On Thu, Sep 22, 2016 at 8:10 PM, Veek M <vek.m1...@gmail.com> wrote:
> Is there a way to use .pythonrc.py to provide a help function that
> autoloads whatever module name is passed like so:
> \>>> h(re)
> I tried inheriting site._Helper and overriding __init__ and __call__ but
> that didn't work, also I don't know how to deal/trap/catch the NameError
> (no quotes on h(re)) - is there a way to insert a try/except block
> around the >>> prompt?
> I hate having to: import whatever every-time i forget. Actually could I
> ditch the () in h(re) and just do: h re - the joy of that :p

You could use sys.excepthook to catch the NameError. I don't know of a
way to catch the SyntaxError and look at the original text, but with
NameError it's pretty easy:

def excepthook(t,v,tb):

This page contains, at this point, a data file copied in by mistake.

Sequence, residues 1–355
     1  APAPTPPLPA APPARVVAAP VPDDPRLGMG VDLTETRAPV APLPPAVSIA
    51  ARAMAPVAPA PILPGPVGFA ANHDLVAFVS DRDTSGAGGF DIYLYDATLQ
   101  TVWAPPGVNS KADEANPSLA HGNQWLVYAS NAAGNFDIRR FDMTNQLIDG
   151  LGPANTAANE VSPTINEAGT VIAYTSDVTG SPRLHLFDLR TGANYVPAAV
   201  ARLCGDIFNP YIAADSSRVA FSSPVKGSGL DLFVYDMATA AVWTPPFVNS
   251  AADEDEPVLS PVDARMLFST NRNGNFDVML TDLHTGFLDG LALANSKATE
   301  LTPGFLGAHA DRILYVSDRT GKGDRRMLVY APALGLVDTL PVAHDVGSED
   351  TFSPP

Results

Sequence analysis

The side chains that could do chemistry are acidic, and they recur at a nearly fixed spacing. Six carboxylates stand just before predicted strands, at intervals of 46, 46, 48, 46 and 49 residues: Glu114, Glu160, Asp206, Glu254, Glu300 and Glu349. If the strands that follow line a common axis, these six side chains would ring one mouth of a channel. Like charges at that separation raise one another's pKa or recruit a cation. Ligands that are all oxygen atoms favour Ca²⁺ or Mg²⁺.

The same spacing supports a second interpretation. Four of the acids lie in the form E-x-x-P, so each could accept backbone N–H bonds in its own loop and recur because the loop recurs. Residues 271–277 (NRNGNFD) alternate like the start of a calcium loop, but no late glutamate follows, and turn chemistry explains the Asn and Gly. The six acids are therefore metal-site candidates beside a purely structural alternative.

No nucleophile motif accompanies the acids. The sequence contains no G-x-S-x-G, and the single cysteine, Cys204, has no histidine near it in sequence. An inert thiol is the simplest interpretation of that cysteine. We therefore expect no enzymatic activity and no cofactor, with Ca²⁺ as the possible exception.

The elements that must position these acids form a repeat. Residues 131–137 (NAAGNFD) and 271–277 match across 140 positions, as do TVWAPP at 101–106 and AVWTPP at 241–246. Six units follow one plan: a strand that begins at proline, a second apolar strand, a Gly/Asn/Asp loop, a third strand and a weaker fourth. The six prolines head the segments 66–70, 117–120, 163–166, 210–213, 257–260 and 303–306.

if t is NameError:
        n = v.args[0].split("'")[1]
        globals()[n] = __import__(n)
        exec(tb.tb_frame.f_code, tb.tb_frame.f_globals)

import sys
excepthook.old = sys.excepthook
sys.excepthook = excepthook

Paste that into interactive Python and give it a try. Be aware that
it'll attempt to import *any* dud name, so it'll potentially slow
stuff down any time you typo. Also, it re-executes the current
traceback frame, which may or may not be appropriate; it's fine for
help(re), but not otherwise.

As an alternative, you could inspect tb.tb_frame.f_code to see if it
matches "help(x)", and if it does, simply re-execute it with the
string form of the name:

exec(tb.tb_frame.f_code, tb.tb_frame.f_globals, {n: n})

This works because help('re') does the same thing as help(re), so by
effectively setting re="re", you gain that functionality without
actually importing into the global namespace.

Adequately recognizing help(re) without false positives is left as an
exercise for the reader. :)


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